Creedence Clearwater Revival, though one of the most commercially and artistically successful acts of the late 1960s and early 1970s, failed to release a live album during its initial four-piece run from 1968 to 1970. However dominated in the studio by John Fogerty’s near-unparalleled songwriting prowess and efficiency, CCR distinguished itself as a disciplined live act that saw solid input from each member. Propelled by a vastly underrated and contributive rhythm section in Stu Cook (bass) and Doug Clifford (drums), the group shed its undeniable three-minute AM appeal in the live setting with a willingness to venture off into surging jams. Aided by Fogerty’s infamously meticulous approach to rehearsals, the band maintained greater focus and momentum than many of its Bay Area contemporaries and still provided the guitarist with ample opportunity for improvisational lead work.
Criminally, this aspect of the band’s sound did not see commercial documentation until 1973’s “posthumous” Live in Europe; no portion of the group’s professionally-filmed set at Woodstock was released until an excerpted inclusion found its way onto 1994’s Woodstock: Three Days of Peace and Music. Recorded following Tom Fogerty’s late-1970 departure from the band, the double album fails to adequately or (despite its additional disc) comprehensively capture CCR as a live entity. John Fogerty, accorded even more duties without a rhythm guitarist, attempts to compensate with increasingly-heavy distortion that neither benefits the performance nor fits the mood originally conveyed on lighter, warmer cuts such as “Proud Mary” and “Bad Moon Rising”. His personal contributions, encompassing vocals, lead and rhythm guitar, and wailing harmonica, remain stellar (as do those of his bandmates), but the recordings betray the difficulties of having to replicate former successes as a trio.
It was not until 1980 that recordings from the four-man incarnation of CCR were released, as Fantasy Records issued the group’s January 31, 1970 performance from the Oakland Coliseum in its entirety under the title of The Concert. Playing in effect to a hometown crowd, the group receives a rapturous welcome and proceeds to deliver tight, inspired renditions of its recent hits. The set highlights the band’s most popular work and stands as a more accomplished undertaking than Live in Europe but cannot be considered definitive either. Limited in running time (not quite 50 minutes) as a faithful document of the Oakland show, The Concert condenses the group’s chart presence into a formidable set list yet does not allow for CCR’s lengthier, instrumental excursions. Save the closing “Keep On Chooglin”, none of the looser jams that saw CCR push its collective talents or earlier “album tracks” make the final LP. Such material would have to wait another thirty years to see the light of day. Released, along with most of the Live in Europe material, across the 40th Anniversary expanded editions of CCR’s studio albums, the partial FM broadcast/soundboard from a March 14, 1969 Fillmore West stop at last provided a nearly twelve-minute take on “Suzie Q” (traditionally the most reliable source for jamming), the nine minute, previously-unknown blues exercise “Crazy Otto”, and Wilson Pickett’s “Ninety-Nine and a Half (Won’t Do)”. Bayou Country‘s “Bootleg”, not found on any CCR live album, and “Proud Mary” from the broadcast remain unreleased. As a product, The Concert is ideal and certainly not disappointing, but it does not give the on-stage force that was CCR the full treatment.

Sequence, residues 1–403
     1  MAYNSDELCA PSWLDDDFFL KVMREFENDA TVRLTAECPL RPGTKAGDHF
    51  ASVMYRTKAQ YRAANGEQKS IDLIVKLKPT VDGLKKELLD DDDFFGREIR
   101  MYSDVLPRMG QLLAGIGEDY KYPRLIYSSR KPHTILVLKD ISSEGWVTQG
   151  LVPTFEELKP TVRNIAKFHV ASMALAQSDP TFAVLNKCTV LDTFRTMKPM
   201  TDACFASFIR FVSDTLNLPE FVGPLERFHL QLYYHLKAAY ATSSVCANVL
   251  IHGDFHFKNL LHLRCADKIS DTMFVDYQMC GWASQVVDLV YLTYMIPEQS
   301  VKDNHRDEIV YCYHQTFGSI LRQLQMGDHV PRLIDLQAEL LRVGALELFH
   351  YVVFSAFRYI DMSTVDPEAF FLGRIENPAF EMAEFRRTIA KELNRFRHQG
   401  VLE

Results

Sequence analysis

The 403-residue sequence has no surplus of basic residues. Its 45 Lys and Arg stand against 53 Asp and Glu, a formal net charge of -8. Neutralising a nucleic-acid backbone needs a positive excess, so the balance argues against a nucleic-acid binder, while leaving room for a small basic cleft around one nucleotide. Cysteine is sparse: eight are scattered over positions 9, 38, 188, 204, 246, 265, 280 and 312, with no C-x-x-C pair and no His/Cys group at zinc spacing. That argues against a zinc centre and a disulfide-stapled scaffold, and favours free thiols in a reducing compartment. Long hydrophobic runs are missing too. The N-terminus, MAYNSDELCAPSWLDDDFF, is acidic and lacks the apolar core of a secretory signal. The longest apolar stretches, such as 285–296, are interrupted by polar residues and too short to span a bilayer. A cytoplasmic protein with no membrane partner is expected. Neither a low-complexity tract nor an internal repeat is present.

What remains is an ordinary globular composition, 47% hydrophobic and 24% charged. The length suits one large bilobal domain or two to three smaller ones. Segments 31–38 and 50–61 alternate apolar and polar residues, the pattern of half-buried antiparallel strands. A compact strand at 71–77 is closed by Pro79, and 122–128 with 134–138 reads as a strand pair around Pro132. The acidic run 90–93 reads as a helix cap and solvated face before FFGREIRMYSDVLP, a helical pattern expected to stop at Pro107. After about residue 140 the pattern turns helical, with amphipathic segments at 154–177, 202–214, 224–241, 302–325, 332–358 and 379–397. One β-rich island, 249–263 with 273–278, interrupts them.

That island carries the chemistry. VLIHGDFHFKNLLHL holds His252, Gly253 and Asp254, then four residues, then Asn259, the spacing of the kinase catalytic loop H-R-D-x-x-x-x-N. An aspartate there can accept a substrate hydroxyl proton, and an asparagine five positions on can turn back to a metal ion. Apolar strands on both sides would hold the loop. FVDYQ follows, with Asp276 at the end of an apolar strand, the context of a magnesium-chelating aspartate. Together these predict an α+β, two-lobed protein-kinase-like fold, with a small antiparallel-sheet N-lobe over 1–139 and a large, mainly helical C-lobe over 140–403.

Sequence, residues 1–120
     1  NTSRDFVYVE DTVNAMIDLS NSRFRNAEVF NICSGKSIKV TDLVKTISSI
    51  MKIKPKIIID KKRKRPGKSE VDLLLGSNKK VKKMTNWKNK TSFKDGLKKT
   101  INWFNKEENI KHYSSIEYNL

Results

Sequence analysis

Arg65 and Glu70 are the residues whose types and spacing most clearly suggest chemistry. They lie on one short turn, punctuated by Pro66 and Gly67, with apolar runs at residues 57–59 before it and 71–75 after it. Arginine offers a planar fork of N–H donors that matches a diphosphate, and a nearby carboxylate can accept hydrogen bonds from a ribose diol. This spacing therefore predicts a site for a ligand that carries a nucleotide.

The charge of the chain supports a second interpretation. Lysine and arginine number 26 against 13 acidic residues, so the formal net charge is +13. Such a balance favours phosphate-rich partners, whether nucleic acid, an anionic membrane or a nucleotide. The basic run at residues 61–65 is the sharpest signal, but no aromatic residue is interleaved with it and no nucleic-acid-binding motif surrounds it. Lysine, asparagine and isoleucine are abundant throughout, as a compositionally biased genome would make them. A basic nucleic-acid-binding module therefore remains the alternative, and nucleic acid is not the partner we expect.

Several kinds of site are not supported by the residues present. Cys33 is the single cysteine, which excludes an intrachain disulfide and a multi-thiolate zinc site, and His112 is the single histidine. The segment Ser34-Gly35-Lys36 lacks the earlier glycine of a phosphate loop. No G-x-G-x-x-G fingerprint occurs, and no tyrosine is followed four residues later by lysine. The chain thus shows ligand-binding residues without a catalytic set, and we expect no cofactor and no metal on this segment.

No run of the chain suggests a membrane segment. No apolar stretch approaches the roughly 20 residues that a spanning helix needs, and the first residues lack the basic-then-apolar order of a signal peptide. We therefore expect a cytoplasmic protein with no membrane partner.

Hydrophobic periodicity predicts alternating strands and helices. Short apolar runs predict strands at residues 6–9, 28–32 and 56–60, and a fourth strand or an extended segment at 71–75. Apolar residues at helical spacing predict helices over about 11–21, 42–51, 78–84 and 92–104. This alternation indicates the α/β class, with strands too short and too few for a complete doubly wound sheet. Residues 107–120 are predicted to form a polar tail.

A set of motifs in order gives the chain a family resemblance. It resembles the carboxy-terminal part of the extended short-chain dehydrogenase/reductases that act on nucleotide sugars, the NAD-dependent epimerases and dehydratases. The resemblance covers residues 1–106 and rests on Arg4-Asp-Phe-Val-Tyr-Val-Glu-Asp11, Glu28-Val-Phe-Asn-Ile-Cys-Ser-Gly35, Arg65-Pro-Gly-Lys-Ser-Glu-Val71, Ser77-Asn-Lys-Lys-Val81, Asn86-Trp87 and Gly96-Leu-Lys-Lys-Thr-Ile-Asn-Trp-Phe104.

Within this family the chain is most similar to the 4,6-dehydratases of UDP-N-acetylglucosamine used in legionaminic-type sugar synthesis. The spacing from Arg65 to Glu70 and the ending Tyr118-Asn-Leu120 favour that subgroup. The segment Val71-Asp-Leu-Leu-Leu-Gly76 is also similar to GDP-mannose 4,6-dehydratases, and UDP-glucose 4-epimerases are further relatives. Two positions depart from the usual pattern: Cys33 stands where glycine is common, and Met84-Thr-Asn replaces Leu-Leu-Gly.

The most satisfying recordings of Creedence Clearwater Revival in action remain those coming by way of unofficial channels, as noted below.
- Professionally-shot footage from the band’s April 14, 1970 appearance at London’s Royal Albert Hall (47 min) exists as the only release-worthy, full-length document of the band aside from the withheld Woodstock sequences.
- A scintillating version of Screamin’ Jay Hawkins’ “I Put A Spell On You”, originally covered on CCR’s 1968 debut album, is taken from the August 16, 1969 professionally-filmed appearance at the Woodstock Festival:
- The only known recording of the rarely-played “Run Through the Jungle” and “I Heard It Through the Grapevine” (here performed as a medley) is sourced from an August 29, 1970 date at the Los Angeles Forum: